If you’re allergic to dust mites (and chances are you are) help may be on the way
Researchers at the University of Iowa have developed a vaccine that can combat dust-mite allergies by changing the body’s immune response. In animal tests, the vaccine lowered lung inflammation by 83 percent, according to the paper published in the AAPS (American Association of Pharmaceutical Scientists) Journal. One big reason why it works is because the vaccine contains a booster that alters the body’s inflammatory response to dust-mite allergens
Microscopic and ubiquitous, dust mites are found in mattresses, sofas and other upholstery. They prey on skin cells on the body, triggering allergies and breathing difficulties in approximately 45 percent of asthma sufferers (according to a studies by the American College of Allergy, Asthma and Immunology.)
Thus far, treatment has been limited to getting temporary relief; from inhalers to undergoing regular exposure to develop tolerance. Both of these options carry no guarantee of success and must be used indefinitely.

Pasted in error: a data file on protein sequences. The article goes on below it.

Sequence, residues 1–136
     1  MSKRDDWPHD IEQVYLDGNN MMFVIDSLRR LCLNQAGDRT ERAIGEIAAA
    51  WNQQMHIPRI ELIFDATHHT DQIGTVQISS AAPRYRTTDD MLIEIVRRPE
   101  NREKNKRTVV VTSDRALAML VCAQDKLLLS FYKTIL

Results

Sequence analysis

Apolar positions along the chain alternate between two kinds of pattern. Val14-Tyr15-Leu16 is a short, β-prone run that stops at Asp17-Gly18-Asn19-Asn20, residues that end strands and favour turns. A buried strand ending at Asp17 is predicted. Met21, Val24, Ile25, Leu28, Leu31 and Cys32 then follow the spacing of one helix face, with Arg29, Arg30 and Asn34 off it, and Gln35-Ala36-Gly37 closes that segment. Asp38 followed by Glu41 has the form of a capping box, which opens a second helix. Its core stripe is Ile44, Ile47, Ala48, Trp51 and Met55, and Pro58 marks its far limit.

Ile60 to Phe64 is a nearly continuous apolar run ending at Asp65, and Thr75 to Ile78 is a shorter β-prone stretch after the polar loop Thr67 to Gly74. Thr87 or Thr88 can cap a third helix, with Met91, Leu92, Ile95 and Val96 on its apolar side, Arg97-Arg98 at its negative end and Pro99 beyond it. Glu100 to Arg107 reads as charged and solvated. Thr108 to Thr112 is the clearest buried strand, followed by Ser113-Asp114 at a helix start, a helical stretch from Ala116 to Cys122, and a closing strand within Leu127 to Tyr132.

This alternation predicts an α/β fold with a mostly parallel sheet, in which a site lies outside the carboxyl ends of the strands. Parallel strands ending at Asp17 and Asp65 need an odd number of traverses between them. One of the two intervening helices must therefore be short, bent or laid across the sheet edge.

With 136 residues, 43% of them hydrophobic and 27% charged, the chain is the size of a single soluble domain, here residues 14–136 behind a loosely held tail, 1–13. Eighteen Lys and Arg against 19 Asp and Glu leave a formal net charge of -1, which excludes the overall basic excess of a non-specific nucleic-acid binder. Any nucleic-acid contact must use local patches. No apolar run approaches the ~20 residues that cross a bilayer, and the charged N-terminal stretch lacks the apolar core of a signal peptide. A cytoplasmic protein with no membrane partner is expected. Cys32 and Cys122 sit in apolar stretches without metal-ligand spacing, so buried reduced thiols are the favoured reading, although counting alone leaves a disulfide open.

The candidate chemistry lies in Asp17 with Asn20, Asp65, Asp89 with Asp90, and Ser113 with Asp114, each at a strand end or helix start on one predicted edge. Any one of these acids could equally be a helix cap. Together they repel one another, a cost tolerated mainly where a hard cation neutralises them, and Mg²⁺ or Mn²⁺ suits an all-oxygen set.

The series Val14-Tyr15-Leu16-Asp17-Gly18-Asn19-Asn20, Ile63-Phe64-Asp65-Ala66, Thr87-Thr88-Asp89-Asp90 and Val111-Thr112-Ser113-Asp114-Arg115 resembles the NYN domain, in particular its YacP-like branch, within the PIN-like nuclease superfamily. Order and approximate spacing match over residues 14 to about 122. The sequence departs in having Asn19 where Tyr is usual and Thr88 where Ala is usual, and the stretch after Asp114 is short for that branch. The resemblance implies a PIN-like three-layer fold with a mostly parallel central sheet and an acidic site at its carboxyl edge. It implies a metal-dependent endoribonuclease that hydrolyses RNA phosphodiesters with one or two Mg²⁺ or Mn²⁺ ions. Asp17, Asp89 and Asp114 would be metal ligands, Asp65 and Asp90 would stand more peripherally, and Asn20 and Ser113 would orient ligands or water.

“Our research explores a novel approach to treating mite allergy in which specially-encapsulated miniscule particles are administered with sequences of bacterial DNA that direct the immune system to suppress allergic immune responses,” says Peter Thorne, public health professor at the UI and a contributing author on the paper. “This work suggests a way forward to alleviate mite-induced asthma in allergy sufferers.”
The vaccine takes advantage of the body’s natural inclination to defend itself against foreign bodies. A key to the formula lies in the use of an adjuvant—which boosts the potency of the vaccine—called CpG. CpG sets off an alarm within the body, springing immune cells into action. Those immune cells absorb the CpG and dispose of it. As the immune cells absorb CpG, they’re also taking in the vaccine, which has been added to the package, much like your mother may have wrapped a bitter pill around something tasty to get you to swallow it. Combining the vaccine and CpG causes the body to change its immune response, producing antibodies that dampen the damaging health effects dust-mite allergens generally cause.
Read more about it here: Researchers create vaccine for dust-mite allergies